NC Senate OK's yearlong pause to automatic deletion of certain criminal records
Lawmakers unanimously approved a measure that would temporarily halt the automatic removal of records of dismissed criminal casesPosted — Updated
In cases in which people have criminal charges dismissed, are proven innocent or found not responsible for alleged crimes, local officials typically delete files permanently, according to state Sen. Danny Britt, a Robeson County Republican. He said many courthouses swiftly destroy physical copies of such criminal cases and have electronic records automatically removed at midnight.
The existing system is designed to allow innocent North Carolinians to go on with their lives without the burden of a paper trail. But the current process also makes it impossible for many to get documented proof of their innocence that an employer may request of them, Britt said.
The proposed process would be like a recycle or trash bin on a typical computer. Currently, in most districts, a file is permanently removed from electronic records by default and becomes inaccessible. House Bill 607 seeks to have files placed into a system that is inaccessible to the public but would be accessible upon request to people with dismissed charges.
“Let’s say their employer has put them on suspension temporarily because of a criminal charge,” Britt said. “They go into court, the witness doesn’t show up and the case is dismissed by the [district attorney], there’s no record of that dismissal after midnight.”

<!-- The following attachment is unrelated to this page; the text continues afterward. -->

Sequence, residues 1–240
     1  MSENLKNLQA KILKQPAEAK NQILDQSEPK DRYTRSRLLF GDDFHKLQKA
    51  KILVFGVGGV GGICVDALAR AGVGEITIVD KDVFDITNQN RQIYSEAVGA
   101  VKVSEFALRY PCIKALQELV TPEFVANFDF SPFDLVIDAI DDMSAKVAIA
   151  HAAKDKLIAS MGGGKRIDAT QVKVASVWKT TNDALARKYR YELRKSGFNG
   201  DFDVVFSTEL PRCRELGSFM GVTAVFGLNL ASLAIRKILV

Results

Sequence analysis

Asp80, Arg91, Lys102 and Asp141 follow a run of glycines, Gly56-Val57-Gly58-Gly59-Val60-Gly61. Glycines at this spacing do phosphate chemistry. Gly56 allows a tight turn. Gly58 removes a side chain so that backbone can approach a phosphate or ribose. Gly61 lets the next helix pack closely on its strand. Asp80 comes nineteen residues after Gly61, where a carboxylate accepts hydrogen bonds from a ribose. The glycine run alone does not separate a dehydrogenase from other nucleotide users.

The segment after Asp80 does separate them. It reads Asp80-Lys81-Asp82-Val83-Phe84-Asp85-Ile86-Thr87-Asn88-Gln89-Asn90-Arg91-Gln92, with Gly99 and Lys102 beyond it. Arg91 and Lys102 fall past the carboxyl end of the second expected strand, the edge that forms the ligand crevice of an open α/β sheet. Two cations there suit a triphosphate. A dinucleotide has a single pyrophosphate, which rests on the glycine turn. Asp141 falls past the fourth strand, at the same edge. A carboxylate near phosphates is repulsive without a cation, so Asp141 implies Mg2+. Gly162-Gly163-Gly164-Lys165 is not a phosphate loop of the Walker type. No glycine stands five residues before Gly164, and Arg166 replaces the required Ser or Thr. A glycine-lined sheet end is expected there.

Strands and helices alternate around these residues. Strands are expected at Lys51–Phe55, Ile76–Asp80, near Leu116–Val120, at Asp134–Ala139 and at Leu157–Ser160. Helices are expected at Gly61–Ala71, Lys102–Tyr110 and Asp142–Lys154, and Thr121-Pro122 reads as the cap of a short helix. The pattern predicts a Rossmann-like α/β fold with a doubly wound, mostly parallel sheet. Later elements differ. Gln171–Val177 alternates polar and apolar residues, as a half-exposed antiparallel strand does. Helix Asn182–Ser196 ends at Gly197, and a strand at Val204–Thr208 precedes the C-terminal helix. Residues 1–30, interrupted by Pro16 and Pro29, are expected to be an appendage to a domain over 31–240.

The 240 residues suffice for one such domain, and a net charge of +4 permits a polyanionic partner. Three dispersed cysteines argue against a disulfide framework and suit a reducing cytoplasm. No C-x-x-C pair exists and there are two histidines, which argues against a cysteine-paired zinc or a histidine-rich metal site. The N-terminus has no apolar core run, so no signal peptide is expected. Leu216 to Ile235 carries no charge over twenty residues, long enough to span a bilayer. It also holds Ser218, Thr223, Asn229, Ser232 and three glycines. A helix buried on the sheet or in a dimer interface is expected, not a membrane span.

If the measure were enacted and signed into law, Britt said an estimated 10,000 North Carolinians wouldn’t have their records automatically expunged, though there would still be a process in place for them to seek the permanent deletion of files.
Starting Aug. 1, there would be a 12-month halt to the automatic expungement of such documents. If a group of court administrators, district attorneys, law enforcement personnel and other groups don’t resolve issues within the current expungement process, the system North Carolina has today would resume, which would displease all sides displeased with the status quo.
If the bill were signed into law, the North Carolina Administrative Office of the Courts would have until March 1, 2023, to report its findings and recommendations to lawmakers.
Britt and state Sen. Don Davis, a Pitt County Democrat, hope the stick being dangled prompts swift action from the working group to keep dismissed charges, not-guilty verdicts, and not-responsible findings both accessible to relevant parties and out of the public record.
“This working group is going to really need this opportunity to try to come towards a resolution,” Davis said. “If they really need this time, then the most important thing we can do is provide protections for those who may fall in that gap period.”
The measure passed the state Senate unanimously on Tuesday and will now be considered by the state House. Britt said he plans to work with lawmakers in the opposite chamber to try to get the bill over the finish line before leaders conclude their legislative work for the year.